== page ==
Liberia's national police force (LNP) has begun an intensive recruitment program across the country aimed at women. The effort is part of the government's Poverty Reduction Strategy, which calls for women to make up 20 percent of the police, the army, and other security forces by the end of 2013.
Gender-based violence, including sexual assault, has long been a problem in Liberia. The police have been criticized in the past for poor management of the cases.
The LNP says it now hopes to improve its response to gender-based violence by recruiting more women to work in their Women and Children Protection Unit, where officers are specifically trained to handle cases related to sexual abuse and domestic violence.
LNP spokesperson Sam Collins says while several women currently hold high-level positions within the LNP, only 10 percent of the police force are women. He said they want to double that number by the end of the year.
"To meet that benchmark, we have launched a very massive recruitment program for women," Collins explained. "We have divided the country into four regions to make sure we cut across the entire country in having females sign up for the LNP.
In addition to deploying recruitment officers, Collins said they have also launched public awareness campaigns in markets, schools and other public places, as well as broadcast-radio programs, to encourage women to join the LNP.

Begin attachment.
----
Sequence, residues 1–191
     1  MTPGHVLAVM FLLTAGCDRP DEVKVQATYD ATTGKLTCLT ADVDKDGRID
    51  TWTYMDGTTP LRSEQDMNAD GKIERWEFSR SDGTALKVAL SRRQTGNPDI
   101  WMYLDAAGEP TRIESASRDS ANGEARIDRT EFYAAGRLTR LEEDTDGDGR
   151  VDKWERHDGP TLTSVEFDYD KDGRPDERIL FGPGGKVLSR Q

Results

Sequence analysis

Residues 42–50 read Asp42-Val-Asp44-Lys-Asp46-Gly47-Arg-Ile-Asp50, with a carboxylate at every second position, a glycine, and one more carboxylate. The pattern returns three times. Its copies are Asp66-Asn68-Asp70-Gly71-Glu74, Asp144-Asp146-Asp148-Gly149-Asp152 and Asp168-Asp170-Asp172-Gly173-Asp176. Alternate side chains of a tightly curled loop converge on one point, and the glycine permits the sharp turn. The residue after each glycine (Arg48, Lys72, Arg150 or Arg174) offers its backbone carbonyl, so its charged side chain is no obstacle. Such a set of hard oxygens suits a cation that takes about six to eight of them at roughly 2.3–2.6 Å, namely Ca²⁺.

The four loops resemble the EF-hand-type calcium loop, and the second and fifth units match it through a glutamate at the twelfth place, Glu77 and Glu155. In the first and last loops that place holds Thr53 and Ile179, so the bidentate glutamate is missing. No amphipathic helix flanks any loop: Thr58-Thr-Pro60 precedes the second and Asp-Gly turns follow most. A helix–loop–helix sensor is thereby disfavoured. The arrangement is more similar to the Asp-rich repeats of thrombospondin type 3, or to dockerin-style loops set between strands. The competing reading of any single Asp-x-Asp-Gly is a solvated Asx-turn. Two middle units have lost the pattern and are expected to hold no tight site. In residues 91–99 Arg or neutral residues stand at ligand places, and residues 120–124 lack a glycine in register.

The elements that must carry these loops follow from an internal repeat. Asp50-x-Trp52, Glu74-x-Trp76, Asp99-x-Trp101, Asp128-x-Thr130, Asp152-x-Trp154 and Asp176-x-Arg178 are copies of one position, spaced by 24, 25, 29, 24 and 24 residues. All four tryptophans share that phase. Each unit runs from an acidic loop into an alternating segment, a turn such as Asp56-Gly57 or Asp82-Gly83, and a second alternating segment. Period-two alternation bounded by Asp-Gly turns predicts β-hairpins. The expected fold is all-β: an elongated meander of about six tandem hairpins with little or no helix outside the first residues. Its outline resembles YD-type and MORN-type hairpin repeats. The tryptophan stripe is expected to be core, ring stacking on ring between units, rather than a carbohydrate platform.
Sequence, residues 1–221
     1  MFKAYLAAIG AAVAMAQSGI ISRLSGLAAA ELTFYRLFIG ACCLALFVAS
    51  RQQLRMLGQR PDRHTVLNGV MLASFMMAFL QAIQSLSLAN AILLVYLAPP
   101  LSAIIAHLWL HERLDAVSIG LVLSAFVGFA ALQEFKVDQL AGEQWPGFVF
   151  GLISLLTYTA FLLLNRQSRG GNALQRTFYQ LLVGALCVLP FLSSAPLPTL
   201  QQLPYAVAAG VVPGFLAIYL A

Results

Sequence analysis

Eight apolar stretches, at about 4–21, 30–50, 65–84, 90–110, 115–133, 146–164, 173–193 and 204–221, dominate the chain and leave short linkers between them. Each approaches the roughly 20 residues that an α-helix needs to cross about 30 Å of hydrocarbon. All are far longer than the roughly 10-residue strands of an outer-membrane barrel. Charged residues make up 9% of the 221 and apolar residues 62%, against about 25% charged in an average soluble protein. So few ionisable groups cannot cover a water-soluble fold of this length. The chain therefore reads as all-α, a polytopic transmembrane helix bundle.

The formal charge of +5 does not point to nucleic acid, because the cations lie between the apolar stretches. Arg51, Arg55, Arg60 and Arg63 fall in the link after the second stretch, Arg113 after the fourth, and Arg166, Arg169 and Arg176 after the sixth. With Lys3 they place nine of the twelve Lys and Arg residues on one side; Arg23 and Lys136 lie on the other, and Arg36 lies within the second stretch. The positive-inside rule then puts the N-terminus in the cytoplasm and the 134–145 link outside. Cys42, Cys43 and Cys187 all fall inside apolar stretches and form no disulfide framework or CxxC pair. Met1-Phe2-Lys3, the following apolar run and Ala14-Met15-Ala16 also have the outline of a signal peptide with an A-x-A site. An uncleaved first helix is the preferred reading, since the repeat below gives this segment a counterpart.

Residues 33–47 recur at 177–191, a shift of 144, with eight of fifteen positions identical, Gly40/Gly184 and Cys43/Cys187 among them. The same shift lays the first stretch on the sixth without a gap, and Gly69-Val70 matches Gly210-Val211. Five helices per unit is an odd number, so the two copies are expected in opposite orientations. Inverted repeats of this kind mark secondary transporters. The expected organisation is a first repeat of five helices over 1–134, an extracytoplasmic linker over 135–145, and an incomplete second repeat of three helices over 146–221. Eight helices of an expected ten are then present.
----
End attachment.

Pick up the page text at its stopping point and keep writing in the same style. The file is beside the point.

"The process may be a bit slow, because we have to go out there to convince people, to tell them that they have a new career in joining the LNP as a way forward," Collins said, noting that recruiting women is not easy. "The LNP will transform them into becoming a positive headmate in their home, meaning that they have a new career to earn money and they will not become a maid in their home. In terms of supporting their husband, they will have income. So we spread the message telling them to come transform their lives in the LNP."
Not all women need convincing though.
"I came to join the police because I would like to be able to help my country," explained Pauline Myers, 19, a recent high school graduate. "Right now, there are no jobs in the country. I am a high school graduate so I came to join the police today. I am going through the process to join the Liberian National Police. I hope I will be successful."
Collins said that all women between the age of 18 and 25 who are high school graduates with a clean criminal record are eligible to join the LNP.
He said once the women sign up, they must pass an interview, medical tests and physical fitness standards before being accepted to the police force.
The LNP said it plans to run the recruitment program through the end of August.